Andrew Zimmern's Detroit-Inspired Pumpkin Pie
The best pie I ever tasted in my life was at Eastern Market in Detroit. The stall was called Love’s Custard Pie, and the family members who staffed the counter sold their mom’s chess pie, blueberry pie, pumpkin pie, custard pie, sweet potato pie and bean pie. I humbly offer my best pie for your consideration. It’s nowhere near as good as Momma Love’s, but then again, what is?
Makes 8 servings. See recipe for pate brisée below pie recipe.
1/3 cup sugar
1/3 cup brown sugar
2 tbs. bourbon
2 tsp. pumpkin pie spice
1/4 tsp. salt
2 egg yolks
2 tbs. molasses
15 ounces cooked, cooled and riced fresh pumpkin or 1 15-ounce can of pumpkin
1 1/2 cups half-and-half
Heat oven to 400 degrees. Roll out dough to 12-inch circle. Line a 9-inch pie pan with dough. Crimp the edges in a decorative pattern. Line the dough with parchment. Weight with dried beans or pie weights. Bake for 14 to 16 minutes or until crust is set. Remove weights and bake an additional 4 to 6 minutes or until crust is dry. Reduce oven temperature to 325 degrees.
Meanwhile, combine sugar, pumpkin pie spice and salt in a large mixing bowl. Add eggs, egg yolks and molasses. Stir to mix well. Then stir in pumpkin, and then half-and-half. As soon as the partially baked pie shell is removed from the oven, pour filling into hot crust. Bake for 50 to 60 minutes, or until edges are slightly puffed and the center is set. Let it cool on a wire rack. Serve with whipped cream.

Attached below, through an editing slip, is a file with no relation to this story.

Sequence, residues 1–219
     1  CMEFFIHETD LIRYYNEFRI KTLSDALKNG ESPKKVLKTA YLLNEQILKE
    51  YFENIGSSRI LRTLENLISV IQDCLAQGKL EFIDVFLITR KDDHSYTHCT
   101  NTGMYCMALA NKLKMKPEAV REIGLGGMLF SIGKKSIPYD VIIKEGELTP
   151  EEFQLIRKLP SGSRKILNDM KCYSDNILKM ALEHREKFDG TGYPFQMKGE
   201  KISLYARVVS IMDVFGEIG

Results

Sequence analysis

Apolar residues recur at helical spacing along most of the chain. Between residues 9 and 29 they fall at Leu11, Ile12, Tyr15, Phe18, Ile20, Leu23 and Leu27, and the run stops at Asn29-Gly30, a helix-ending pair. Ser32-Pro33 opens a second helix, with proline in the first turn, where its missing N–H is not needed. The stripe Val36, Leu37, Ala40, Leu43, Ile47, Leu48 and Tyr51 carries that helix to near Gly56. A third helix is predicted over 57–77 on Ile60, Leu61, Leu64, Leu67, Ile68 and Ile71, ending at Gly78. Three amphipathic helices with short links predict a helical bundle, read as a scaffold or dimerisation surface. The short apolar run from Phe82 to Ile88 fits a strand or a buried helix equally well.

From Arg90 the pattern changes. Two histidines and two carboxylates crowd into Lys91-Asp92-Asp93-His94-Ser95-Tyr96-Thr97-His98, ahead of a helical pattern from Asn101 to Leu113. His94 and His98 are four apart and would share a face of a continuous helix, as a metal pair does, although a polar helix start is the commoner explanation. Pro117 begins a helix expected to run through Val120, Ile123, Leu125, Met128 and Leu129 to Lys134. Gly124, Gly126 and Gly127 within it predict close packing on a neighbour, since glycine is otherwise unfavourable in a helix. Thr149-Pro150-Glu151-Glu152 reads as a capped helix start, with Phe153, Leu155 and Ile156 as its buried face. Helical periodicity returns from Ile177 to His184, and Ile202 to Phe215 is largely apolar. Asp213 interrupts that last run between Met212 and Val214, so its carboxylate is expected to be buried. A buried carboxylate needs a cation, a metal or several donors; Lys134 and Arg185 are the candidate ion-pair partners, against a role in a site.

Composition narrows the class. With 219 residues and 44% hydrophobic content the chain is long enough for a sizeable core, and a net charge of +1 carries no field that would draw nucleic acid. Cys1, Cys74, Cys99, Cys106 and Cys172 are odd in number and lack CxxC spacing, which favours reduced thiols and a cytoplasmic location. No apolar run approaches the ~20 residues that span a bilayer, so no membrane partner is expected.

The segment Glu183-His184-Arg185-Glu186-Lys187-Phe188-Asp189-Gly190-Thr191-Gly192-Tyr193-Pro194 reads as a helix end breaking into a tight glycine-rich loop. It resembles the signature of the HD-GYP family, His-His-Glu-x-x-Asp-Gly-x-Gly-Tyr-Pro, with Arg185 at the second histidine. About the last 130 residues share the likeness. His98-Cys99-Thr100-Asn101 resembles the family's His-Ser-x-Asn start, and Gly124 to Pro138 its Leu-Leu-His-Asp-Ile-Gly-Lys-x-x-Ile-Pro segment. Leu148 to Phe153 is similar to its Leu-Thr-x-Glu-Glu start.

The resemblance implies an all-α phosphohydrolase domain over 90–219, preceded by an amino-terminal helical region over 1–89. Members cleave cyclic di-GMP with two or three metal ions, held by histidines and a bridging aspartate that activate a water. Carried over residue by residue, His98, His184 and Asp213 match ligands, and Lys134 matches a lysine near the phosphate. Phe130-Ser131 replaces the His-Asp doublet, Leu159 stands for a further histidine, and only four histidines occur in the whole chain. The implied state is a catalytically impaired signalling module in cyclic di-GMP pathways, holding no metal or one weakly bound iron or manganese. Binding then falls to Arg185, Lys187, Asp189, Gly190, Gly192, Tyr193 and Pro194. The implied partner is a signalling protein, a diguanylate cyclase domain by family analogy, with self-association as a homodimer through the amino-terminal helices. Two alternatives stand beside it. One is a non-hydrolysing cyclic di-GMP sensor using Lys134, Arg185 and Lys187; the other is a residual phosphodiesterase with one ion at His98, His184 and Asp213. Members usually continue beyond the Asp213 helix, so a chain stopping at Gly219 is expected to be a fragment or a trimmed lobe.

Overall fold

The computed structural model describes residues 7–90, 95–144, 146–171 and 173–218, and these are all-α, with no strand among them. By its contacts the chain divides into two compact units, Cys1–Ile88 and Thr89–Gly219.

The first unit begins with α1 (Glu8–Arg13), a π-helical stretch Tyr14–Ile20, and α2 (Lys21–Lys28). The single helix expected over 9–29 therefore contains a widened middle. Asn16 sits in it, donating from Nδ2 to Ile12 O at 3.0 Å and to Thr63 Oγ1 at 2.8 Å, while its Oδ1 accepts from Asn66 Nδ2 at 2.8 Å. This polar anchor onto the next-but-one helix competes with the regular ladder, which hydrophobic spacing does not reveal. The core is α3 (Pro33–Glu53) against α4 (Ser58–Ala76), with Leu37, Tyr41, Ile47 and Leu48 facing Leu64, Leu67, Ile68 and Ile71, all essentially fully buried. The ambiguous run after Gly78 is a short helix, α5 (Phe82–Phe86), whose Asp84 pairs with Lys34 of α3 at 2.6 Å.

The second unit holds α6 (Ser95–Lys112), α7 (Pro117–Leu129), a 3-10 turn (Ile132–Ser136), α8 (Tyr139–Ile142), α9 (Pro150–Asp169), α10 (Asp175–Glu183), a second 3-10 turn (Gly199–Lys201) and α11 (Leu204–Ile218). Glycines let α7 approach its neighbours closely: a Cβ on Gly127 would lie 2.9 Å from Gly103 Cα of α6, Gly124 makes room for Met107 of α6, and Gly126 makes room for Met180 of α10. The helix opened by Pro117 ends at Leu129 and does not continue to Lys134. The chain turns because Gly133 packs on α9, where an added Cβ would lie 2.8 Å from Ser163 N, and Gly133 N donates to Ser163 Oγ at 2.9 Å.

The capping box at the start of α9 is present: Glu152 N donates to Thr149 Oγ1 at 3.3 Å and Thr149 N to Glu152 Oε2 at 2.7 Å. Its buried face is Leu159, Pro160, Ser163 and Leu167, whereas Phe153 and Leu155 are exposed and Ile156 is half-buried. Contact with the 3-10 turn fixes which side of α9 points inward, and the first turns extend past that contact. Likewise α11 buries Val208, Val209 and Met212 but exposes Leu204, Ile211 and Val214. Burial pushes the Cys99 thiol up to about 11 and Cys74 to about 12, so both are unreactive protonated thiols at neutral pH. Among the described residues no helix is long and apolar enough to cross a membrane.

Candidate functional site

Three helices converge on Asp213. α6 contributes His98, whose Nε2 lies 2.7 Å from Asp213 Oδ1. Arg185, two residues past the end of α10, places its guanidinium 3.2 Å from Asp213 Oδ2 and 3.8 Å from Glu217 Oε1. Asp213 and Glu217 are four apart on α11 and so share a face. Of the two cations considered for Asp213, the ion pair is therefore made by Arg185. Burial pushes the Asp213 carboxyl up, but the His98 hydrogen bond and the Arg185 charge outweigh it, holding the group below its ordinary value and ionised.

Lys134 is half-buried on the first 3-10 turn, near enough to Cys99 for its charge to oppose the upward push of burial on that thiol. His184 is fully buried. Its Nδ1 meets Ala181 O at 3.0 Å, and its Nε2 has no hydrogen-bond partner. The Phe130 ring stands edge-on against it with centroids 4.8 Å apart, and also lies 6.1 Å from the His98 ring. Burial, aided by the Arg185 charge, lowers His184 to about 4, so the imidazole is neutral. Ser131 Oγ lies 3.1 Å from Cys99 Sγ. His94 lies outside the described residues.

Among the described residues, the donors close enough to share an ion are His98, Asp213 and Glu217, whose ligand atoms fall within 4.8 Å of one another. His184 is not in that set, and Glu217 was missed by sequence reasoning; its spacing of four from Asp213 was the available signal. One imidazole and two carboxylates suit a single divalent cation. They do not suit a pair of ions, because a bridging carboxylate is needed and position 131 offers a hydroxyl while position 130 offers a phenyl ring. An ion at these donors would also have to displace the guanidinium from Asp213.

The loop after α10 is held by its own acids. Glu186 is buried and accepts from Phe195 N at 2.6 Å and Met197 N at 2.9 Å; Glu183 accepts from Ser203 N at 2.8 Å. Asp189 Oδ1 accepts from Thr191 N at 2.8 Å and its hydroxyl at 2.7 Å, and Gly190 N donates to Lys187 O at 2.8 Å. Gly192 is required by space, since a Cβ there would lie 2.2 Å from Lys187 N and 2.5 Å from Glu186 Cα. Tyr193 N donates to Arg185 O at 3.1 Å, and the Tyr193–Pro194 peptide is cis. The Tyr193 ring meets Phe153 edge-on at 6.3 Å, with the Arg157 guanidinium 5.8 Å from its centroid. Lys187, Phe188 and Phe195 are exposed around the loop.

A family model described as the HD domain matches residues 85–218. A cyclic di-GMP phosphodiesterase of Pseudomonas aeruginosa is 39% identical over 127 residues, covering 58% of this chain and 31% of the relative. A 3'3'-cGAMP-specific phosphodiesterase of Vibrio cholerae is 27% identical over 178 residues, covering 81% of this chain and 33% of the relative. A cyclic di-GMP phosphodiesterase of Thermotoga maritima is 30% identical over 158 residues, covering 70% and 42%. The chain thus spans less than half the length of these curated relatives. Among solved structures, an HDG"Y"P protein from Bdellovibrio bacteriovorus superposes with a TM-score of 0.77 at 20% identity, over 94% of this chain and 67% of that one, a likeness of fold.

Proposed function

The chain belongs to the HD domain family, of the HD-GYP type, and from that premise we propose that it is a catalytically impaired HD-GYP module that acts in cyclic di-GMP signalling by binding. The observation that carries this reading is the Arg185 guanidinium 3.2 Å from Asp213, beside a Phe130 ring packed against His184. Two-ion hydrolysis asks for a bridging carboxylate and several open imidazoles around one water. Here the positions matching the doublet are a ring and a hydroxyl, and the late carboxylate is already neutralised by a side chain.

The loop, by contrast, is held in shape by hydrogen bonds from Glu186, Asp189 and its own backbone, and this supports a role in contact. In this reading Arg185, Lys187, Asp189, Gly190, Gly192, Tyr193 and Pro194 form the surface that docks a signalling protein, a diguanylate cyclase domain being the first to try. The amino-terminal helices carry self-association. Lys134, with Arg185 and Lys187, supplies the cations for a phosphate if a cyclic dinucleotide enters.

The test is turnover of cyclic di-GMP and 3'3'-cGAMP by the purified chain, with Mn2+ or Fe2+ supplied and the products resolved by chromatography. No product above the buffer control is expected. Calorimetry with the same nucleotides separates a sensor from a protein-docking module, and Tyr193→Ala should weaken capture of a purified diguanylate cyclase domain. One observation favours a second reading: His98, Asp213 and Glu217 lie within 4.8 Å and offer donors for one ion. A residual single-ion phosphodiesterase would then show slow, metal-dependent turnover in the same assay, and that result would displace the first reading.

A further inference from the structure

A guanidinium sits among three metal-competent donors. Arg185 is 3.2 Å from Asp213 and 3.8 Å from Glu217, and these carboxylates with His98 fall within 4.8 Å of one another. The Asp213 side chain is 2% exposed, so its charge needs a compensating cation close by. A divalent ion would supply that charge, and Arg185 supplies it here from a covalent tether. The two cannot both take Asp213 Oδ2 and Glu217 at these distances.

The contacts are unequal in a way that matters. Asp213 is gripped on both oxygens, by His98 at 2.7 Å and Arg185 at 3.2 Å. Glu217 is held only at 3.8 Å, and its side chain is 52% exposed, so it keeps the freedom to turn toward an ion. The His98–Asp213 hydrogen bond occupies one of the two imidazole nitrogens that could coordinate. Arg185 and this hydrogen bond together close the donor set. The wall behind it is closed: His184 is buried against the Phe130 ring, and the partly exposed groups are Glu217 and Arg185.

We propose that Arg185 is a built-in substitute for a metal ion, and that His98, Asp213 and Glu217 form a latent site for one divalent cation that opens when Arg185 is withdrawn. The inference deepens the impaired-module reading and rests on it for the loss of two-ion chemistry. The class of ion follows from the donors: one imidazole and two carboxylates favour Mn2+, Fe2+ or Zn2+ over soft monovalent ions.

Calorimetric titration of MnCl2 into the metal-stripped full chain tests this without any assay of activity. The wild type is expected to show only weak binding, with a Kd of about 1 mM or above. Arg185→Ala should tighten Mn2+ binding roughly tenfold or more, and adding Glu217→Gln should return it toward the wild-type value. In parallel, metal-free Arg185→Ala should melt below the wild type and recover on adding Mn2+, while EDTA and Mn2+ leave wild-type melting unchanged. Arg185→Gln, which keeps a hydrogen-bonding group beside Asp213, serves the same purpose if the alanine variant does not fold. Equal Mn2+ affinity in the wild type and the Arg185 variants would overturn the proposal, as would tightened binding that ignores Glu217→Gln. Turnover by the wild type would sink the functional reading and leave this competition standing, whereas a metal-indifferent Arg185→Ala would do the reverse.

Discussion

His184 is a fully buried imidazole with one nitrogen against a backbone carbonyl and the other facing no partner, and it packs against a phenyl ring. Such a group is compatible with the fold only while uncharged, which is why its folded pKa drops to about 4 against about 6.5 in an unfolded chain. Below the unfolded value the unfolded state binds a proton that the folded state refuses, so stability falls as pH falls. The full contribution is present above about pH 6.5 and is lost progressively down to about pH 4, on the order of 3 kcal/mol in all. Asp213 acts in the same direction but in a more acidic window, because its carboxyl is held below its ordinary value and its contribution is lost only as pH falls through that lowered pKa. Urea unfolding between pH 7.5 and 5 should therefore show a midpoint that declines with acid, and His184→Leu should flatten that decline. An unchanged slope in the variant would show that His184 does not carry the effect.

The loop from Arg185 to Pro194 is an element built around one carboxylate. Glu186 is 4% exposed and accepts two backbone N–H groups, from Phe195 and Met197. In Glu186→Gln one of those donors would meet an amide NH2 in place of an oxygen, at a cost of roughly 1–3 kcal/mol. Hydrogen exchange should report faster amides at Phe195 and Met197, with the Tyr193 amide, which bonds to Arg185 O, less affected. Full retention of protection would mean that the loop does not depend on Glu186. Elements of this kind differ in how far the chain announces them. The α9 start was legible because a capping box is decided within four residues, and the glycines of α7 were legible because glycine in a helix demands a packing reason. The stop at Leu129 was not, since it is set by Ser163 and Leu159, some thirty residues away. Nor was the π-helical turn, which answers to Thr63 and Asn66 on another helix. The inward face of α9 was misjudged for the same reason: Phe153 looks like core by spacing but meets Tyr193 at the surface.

1 1/2 cups flour
1/2 tsp. salt
7 tbs. chilled unsalted butter
1 egg yolk
3 to 4 tbs. ice water
Mix flour and salt together in mixing bowl. Cut butter into half-inch cubes. Press butter chunks between fingertips and drop into the center of the bowl. Toss to coat. With your fingertips, gradually work flour and butter together until mixture resembles coarse meal. Whisk egg yolk and 3 tablespoons of water together in small bowl to blend. Drizzle egg yolk mixture over flour mixture, tossing it with fork. Stir dough until mixture begins to come together. Press together with hands to form a rough dough. Turn out onto cool counter and press together into mound. Dough will not come together completely. Sprinkle with enough remaining water to reach the right consistency if dough is very crumbly at this point.
With the heel of your hand, smear a small amount of dough away from you on the counter. Scrape up and continue with remaining dough, mounding smeared dough together on the counter. Press mound into a disk. Wrap in plastic and refrigerate for 1 to 2 hours.
This should be enough for a 10-inch tart or half a dozen 4 1/2-inch tarts.
Here are Andrew's 10 favorite restaurants, fairs, farmers markets and must-do activities in the Minneapolis/St. Paul area, where he lives.